Delhi has three seats in the Rajya Sabha and all will go to AAP. They fall vacant in January next year and the AAP is mulling to nominate public figures instead of politicians for the seats. One of the chosen ones is Rajan.

However, the million dollar question is (truly) whether the high profile economist who was tipped to win the Nobel and rumoured to become US Fed chief will oblige AAP requests.

Rajan, who returned to academics to teach at the University of Chicago, after his three-year stint at RBI ended on September 4, 2016, is no-nonsensical man. His philosophy of outspokenness is said to have cost him a second term at RBI. Rajan has penned all his trials and tribulations in his recently released book, I Do What I Do.

Telugu360 is always open for the best and bright journalists. If you are interested in full-time or freelance, email us at Krishna@telugu360.com.

Demonetisation’s short-term costs were high, long-term benefit doubtful


Demonetisation’s short-term costs were high, long-term benefit doubtful

When Raghuram Rajan, former governor of the Reserve Bank of India (RBI), cautioned the government against demonetisation, saying short-term economic costs would outweigh long-term benefits, he was not trying to be prophetic. But a year after Prime Minister Narendra Modi made that fateful announcement in a nationwide broadcast on the evening of November 8, it would seem Rajan’s words had actually become so.

As economists and analysts, corporate honchos and statisticians struggle to gauge the beneficial impact of demonetisation, many of the objectives claimed by the government have fallen by the wayside. New claims and afterthoughts on the note ban by senior politicians in power have remained unconvincing. Demonetisation has raised more questions than it has answered.

The Prime Minister, in banning 1,000 and 500-rupee notes — or 86 per cent of total currency in circulation — had indicated that the decision would help remove black money from the system, rein in terrorism and take fake currency out of circulation. Have these objectives been met?

“Demonetisation was an utter failure. Theoretically it was known it cannot be successful. It could not remove black money, but in turn it has damaged the white economy and growth,” Arun Kumar, former professor of economics at the Jawaharlal Nehru University (JNU) told IANS.

The benefits of the decision are yet to percolate to the economy, but the disruption as well as pain that it caused to hundreds of millions was very real, whose lingering effects are seen to this day and, which, at that time, had shaken the country to its core, touching nearly every citizen and visitor.

The overnight serpentine queues for weeks in front of banks, the loss of over a hundred lives in the effort to withdraw one’s own money or change it, and the desperate desire to ensure that cash in hand did not turn to ash took its toll across the country. Was it worth it?

“The government made the elementary mistake of believing that black money is kept in cash. Black wealth can be transacted by non-cash means as well,” said Kumar, who is now Chair-Professor with the Institute of Social Sciences. “Only three per cent of Indians generate substantial black money. But for this, the other 97 per cent had to face the consequences of demonetisation.”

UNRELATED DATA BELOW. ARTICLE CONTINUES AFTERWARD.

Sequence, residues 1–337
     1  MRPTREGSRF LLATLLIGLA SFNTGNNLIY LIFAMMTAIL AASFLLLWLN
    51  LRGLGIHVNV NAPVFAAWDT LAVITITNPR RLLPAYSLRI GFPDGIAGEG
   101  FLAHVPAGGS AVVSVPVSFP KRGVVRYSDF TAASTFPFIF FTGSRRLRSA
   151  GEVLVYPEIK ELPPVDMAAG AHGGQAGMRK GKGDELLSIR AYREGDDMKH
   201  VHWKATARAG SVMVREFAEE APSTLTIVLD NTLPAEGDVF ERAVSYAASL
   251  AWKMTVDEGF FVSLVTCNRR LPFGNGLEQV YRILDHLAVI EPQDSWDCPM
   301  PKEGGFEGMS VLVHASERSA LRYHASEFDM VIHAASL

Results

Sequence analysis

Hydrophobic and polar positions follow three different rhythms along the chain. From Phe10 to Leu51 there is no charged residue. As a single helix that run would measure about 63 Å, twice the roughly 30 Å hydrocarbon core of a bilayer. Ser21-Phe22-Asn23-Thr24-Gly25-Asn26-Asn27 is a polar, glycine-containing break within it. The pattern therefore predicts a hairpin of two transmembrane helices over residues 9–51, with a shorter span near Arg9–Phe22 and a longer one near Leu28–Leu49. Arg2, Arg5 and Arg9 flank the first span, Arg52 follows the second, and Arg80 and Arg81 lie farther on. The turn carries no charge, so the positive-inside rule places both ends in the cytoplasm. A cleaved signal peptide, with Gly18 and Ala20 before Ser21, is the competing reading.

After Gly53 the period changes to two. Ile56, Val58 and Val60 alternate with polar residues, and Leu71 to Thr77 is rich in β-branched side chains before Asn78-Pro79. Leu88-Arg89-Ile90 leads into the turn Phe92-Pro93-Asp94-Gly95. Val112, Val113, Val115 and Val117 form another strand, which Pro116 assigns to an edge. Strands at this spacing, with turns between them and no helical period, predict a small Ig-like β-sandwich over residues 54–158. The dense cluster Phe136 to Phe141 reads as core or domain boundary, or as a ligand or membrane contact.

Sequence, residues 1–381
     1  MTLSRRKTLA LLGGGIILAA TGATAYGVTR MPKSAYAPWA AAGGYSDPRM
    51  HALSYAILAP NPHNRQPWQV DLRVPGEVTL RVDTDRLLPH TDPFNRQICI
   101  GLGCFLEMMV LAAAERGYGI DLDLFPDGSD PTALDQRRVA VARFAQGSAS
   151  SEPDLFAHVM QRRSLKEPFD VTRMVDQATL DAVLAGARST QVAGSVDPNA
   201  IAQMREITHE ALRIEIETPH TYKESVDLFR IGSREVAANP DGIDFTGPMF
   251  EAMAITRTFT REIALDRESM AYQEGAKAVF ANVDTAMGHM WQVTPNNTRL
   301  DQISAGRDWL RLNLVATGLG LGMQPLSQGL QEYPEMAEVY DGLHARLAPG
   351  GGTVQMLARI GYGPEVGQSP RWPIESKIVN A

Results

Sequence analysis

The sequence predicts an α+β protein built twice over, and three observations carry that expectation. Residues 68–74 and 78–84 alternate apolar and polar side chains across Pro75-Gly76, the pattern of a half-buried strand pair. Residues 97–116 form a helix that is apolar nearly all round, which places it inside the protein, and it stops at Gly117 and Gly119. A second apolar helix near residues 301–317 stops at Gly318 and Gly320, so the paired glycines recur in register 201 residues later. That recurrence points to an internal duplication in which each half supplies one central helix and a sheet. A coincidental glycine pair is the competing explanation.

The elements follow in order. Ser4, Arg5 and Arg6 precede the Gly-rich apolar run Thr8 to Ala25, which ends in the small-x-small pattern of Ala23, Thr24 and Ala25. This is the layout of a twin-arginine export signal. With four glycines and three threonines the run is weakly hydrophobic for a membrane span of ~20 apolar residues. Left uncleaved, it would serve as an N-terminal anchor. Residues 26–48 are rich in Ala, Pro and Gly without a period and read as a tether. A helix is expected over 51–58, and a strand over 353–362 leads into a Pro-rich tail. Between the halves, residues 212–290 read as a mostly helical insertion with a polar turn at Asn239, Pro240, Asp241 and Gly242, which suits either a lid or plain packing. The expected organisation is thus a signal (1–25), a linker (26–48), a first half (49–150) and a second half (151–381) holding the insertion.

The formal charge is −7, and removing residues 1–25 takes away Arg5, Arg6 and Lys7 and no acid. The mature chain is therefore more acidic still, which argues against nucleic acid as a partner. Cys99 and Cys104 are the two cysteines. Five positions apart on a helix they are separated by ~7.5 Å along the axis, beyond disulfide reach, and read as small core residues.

After months of vacillating, and being less than honest with citizens, RBI data in August 2017 said that 99 per cent of the banned currency in high denomination notes had returned to the banking system — Rs 15.28 lakh crore out of the Rs 15.44 lakh crore in circulation on November 8, 2016. The calculation does not take into account the money changed by people in Nepal, where it’s legal tender, or old notes held by many non-resident Indians who could not exchange it within the deadline.

“Indian demonetisation was remarkable, because unlike many countries that faced major economic and political problems after even less drastic measures, this passed off peacefully as most Indians accepted the (wrong) argument that this would end corruption,” Jayati Ghosh, Economics Professor at JNU, told IANS.

“The initial reasons the government had advanced for this move, of reducing terrorism and eliminating both black money and corruption, were rapidly abandoned for other supposed goals, which are also yet to be met. There was no planning before unleashing such a big decision,” she added.

The difficulty in making a cost-benefit analysis is that the move was not purely economic, given the fact that the currency issuer — the RBI — had no role in the decision, as testified by Rajan.

Demonetisation comes across more as a measure of political economy which may appear, on the face of it, to have paid immediate political dividend to the Prime Minister and his party in the Uttar Pradesh elections this year. But the medium-to long-term picture would take a while to clear up, though short-term impact has already taken its toll on growth.

At the end of May, the Central Statistics Office announced that the GDP during the fourth quarter ending in March this year, fell sharply to 6.1 per cent from seven per cent in the previous quarter, while growth for the year as a whole was also expected to decline correspondingly. India’s GDP during the past fiscal grew at 7.1 per cent — at a rate lower than the eight per cent achieved in 2015-16. In terms of gross value added, which excludes taxes but includes subsidies, the growth came in even lower at 5.6 percent over 2015-16.

“Demonetisation is a textbook example of what happens when you remove liquidity that is the basis of transactions. The immediate result was that people didn’t have money even for small transactions. This had a strong negative multiplier effect, most evident in the informal sector,” Ghosh said.

“Cash is the means of transaction in the unorganised sector, which contributes 45 per cent to the GDP. The unorganised sector got hit by 60-80 per cent,” Kumar said, adding that the country went through a negative rate of growth in November-December 2016.